October 16, 2008 Lecture on Waldseeműller Map and Johannes Schöner at Library of Congress on Nov. 13
Press Contact: Donna Urschel (202) 707-1639
Public Contact: Geography and Map Division (202) 707-6277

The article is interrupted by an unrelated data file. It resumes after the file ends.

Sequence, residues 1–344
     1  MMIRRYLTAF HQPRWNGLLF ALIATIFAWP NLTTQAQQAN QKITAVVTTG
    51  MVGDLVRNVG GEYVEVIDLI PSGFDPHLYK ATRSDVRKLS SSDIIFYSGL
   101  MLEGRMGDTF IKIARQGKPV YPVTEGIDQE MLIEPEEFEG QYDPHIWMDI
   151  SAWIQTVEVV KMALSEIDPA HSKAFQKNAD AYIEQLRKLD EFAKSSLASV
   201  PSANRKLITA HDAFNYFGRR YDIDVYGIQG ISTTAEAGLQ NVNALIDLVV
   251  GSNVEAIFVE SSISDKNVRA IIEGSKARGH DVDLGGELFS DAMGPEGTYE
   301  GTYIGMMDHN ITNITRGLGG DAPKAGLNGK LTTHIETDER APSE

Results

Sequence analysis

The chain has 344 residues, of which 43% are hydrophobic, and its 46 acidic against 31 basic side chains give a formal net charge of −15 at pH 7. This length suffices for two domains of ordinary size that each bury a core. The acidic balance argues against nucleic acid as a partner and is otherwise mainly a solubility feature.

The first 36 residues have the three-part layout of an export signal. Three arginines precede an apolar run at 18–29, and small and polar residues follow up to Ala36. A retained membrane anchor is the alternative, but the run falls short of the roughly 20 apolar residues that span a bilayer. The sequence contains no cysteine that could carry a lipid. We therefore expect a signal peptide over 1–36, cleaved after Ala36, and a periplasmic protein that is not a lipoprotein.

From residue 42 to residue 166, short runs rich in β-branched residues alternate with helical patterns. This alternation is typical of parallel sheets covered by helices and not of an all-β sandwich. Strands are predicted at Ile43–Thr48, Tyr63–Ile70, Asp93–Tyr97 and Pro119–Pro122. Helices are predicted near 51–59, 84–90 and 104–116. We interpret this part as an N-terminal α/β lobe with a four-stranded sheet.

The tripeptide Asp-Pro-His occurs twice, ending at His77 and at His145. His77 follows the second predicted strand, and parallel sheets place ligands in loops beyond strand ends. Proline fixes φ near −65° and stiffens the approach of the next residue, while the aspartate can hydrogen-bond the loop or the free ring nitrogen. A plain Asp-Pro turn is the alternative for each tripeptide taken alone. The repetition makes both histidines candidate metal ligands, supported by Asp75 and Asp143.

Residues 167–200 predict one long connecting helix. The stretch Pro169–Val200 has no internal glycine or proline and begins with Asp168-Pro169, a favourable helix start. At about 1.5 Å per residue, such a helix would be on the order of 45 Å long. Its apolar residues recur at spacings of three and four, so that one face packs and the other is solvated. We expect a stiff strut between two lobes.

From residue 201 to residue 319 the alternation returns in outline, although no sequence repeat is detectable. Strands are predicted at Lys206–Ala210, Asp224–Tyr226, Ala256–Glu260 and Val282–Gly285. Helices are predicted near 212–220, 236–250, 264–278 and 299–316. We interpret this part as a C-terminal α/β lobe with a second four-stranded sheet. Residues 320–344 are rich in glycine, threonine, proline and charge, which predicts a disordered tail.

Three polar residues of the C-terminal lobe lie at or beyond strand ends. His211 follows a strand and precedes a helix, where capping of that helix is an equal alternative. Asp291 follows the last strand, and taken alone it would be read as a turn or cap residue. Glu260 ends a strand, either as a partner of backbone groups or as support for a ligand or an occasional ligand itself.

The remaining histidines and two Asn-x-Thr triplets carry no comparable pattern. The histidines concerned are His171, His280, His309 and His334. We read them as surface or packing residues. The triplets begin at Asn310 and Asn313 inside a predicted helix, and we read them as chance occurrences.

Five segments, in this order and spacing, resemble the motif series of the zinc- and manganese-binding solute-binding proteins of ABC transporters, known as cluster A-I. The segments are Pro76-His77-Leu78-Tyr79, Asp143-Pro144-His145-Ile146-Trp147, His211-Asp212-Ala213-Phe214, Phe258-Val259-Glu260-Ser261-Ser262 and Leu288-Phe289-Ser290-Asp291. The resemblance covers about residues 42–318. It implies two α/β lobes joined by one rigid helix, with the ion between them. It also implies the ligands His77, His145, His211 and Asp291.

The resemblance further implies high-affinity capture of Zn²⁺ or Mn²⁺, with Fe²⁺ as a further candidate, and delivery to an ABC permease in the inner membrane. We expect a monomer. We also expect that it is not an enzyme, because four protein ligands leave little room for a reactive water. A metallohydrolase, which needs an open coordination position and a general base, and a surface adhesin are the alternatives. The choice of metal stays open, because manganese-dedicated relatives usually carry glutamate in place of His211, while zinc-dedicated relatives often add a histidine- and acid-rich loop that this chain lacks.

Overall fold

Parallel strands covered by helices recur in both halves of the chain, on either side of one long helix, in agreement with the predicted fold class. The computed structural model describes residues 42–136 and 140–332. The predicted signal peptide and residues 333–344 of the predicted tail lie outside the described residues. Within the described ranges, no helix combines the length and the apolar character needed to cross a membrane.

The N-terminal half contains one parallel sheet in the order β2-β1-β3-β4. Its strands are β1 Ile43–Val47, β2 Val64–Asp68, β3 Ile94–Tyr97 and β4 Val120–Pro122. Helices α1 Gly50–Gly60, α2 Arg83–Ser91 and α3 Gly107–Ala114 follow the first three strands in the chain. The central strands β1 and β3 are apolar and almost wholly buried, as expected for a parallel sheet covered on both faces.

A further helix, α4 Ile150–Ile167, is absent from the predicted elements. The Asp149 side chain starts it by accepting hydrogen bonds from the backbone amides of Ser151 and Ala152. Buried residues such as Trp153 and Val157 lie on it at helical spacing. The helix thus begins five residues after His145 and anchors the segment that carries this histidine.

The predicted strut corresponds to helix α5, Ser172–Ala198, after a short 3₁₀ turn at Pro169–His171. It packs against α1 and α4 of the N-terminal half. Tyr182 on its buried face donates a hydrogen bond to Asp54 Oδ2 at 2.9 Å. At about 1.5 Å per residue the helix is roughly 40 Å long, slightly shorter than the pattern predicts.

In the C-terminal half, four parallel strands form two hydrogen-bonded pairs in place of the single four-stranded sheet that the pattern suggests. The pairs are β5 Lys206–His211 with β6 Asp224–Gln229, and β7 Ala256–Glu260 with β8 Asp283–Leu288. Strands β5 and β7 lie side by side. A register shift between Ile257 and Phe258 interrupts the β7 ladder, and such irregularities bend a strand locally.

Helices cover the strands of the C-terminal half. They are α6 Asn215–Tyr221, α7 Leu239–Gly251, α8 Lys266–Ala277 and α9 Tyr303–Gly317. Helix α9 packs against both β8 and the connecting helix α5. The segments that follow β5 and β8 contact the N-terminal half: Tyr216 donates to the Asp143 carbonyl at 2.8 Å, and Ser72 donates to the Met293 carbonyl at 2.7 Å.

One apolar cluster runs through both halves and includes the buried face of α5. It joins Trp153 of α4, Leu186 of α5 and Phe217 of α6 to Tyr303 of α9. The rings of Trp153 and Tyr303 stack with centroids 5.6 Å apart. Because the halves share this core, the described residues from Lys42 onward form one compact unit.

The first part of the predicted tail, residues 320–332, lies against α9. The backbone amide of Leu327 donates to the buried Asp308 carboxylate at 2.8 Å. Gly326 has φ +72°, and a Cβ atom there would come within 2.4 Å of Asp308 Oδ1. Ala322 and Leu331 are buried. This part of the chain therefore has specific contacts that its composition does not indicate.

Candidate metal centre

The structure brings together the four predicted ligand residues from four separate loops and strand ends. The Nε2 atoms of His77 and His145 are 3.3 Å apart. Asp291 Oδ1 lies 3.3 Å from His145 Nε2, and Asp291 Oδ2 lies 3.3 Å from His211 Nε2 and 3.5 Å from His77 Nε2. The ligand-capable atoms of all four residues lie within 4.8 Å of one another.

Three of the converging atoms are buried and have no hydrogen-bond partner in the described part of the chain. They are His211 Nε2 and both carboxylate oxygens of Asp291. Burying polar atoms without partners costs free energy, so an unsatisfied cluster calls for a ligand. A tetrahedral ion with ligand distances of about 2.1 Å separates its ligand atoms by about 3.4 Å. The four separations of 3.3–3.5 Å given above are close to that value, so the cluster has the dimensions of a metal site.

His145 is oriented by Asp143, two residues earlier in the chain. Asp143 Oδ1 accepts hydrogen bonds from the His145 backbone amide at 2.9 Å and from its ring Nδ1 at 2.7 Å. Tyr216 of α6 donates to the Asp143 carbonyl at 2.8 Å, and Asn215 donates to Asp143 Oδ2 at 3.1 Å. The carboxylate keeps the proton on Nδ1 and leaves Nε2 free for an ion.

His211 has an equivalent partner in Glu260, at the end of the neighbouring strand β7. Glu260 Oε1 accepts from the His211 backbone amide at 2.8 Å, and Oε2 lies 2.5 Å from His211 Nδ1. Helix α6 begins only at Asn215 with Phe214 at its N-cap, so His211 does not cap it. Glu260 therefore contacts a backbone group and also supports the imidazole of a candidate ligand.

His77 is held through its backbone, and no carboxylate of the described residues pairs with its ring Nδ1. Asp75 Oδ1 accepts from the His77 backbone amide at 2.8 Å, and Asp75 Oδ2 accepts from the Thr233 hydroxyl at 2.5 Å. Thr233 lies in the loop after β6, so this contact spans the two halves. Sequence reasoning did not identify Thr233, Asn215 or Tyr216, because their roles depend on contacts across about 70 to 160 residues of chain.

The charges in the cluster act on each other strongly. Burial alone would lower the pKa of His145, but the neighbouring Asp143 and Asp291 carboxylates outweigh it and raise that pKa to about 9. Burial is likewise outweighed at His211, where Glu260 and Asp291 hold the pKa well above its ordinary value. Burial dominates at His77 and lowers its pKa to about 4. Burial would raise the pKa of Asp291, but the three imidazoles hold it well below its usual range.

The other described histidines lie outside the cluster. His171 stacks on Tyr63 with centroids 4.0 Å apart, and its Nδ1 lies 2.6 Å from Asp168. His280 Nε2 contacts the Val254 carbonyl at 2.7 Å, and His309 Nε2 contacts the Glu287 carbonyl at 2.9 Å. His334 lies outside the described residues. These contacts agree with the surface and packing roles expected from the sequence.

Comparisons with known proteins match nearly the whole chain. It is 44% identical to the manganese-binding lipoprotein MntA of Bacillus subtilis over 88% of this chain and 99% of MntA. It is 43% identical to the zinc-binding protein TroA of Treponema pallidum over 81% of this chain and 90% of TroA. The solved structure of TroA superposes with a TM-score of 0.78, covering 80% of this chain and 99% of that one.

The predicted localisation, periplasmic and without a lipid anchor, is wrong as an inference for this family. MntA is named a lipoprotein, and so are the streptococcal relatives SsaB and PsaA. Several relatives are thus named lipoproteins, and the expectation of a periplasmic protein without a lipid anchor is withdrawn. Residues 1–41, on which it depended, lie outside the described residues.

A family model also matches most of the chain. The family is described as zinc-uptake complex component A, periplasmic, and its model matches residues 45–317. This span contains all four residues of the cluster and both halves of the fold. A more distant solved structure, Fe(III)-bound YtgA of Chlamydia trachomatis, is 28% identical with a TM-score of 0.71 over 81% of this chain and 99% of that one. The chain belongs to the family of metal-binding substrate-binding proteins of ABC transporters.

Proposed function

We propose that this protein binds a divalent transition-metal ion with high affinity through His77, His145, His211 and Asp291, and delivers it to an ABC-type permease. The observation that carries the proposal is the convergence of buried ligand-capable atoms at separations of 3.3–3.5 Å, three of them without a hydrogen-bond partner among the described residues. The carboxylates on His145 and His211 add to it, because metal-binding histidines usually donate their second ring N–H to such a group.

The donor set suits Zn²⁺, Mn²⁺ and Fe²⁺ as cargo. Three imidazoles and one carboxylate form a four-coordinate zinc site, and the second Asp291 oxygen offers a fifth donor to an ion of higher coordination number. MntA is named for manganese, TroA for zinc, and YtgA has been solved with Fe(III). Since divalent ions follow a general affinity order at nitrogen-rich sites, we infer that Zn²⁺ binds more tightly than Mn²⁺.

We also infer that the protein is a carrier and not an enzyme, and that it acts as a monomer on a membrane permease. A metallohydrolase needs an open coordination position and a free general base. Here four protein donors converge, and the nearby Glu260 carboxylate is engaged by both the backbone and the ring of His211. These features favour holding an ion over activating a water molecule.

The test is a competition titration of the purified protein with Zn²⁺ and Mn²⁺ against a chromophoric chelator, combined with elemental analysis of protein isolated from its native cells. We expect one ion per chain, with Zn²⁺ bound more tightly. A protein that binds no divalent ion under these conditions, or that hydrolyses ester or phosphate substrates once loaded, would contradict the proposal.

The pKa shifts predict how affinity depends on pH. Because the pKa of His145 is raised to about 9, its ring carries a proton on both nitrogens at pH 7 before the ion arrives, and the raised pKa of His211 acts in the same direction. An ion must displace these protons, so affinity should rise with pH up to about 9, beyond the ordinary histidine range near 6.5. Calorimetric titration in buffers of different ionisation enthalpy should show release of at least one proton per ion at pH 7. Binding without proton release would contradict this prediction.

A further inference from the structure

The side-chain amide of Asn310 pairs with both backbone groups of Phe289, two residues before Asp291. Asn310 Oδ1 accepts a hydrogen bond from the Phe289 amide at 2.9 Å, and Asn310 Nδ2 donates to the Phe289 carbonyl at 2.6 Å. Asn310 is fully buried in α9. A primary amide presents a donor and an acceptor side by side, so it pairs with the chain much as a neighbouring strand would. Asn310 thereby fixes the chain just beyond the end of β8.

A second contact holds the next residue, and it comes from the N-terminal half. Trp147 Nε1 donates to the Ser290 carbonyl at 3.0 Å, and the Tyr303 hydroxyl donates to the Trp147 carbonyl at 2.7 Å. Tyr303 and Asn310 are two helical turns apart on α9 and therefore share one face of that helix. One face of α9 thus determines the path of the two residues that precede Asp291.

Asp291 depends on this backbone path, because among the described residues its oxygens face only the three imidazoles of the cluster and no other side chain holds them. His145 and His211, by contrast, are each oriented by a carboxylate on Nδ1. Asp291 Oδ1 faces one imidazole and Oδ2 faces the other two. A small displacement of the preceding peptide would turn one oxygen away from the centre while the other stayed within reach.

Johannes Schöner, an astronomer, mathematician and globe maker, was the original owner of the Waldseemüller 1507 and 1516 world maps now in the Library of Congress. It was Schöner who placed the maps in a portfolio that was later acquired by a German prince and stored in a castle for nearly 400 years. The Library of Congress, in conjunction with the Washington Map Society, will hold a lecture to discuss how Schöner used the Waldseemüller maps and other materials to produce his globes and develop new methods of mathematical cartography. John Hessler will present "Zeno's Mice: Regiomontanus, Martin Waldseemüller and the Life of Johannes Schöner 1477-1547" at 7 p.m. on Thursday, Nov. 13, in the Geography and Map Division Reading Room on the basement level of the James Madison Memorial Building, 101 Independence Ave. S.E., Washington, D.C. Hessler, a senior reference librarian in the Library's Geography and Map Division, will also give the same lecture in a two-part presentation at noon on Wednesday, Nov. 12 and at noon on Wednesday, Dec. 3, in the "Exploring the Early Americas" exhibition on the second floor of the Thomas Jefferson Building, 10 First St. S.E., Washington, D.C. The Nov. 12 presentation is titled "Exploring Waldseemüller's World: Mysteries of the 1507 and 1516 World Maps" and Dec. 3 is "Strange Effects: The Life and Astronomy of Johannes Schöner, 1477-1547." The 1507 world map by Martin Waldseemüller is known as "America's Birth Certificate," because it is the first document on which the name "America" appears. The Library of Congress purchased the map for $10 million in 2003, concluding a long effort to bring the map into the United States. In 1901, Schöner's portfolio was discovered in the library of a castle owned by the family of Prince Waldburg-Wolfegg in Baden-Württemberg, Germany. The map was uncovered and revealed to the world by the Jesuit priest Josef Fischer, who was conducting research in the Waldburg collection. According to Hessler, Schöner collected manuscripts of many cartographers and astronomers of the period. Schöner also owned some of the most important books on cartography and geography that were available to him, including copies of the 1482, 1509 and 1513 editions of "Ptolemy's Geography," now in the Austrian National Library in Vienna, and Martin Waldseemüller's "Cosmographiae Introductio." These works contain a great number of handwritten corrections and complex annotations that reveal Schöner's thinking about theoretical cartography and the state of the art in the early 16th century. Hessler will show for the first time how Schöner used the Waldseemüller maps and other materials for the production of his globes and also in the development of new methods of mathematical cartography. In addition, Hessler will discuss the difficulties of researching Renaissance cartography and will try to dismiss many of the myths and platitudes that have plagued Waldseemüller scholarship for more than a century. Hessler has written extensively on the history of classical and Renaissance cartography and is the author of "The Naming of America: Martin Waldseemüller's 1507 World Map and the Cosmographiae Introductio" (2008), which is a new translation of, and commentary on, Waldseemüller's seminal text. A fellow of the Society for Archaeogeography, he is currently at work on a new Latin edition of the 6th-century "Corpus Agrimensorum," a collection of Roman surveying manuals from Late Antiquity. He also runs the historical map analysis Web site www.warpinghistory.blogspot.com.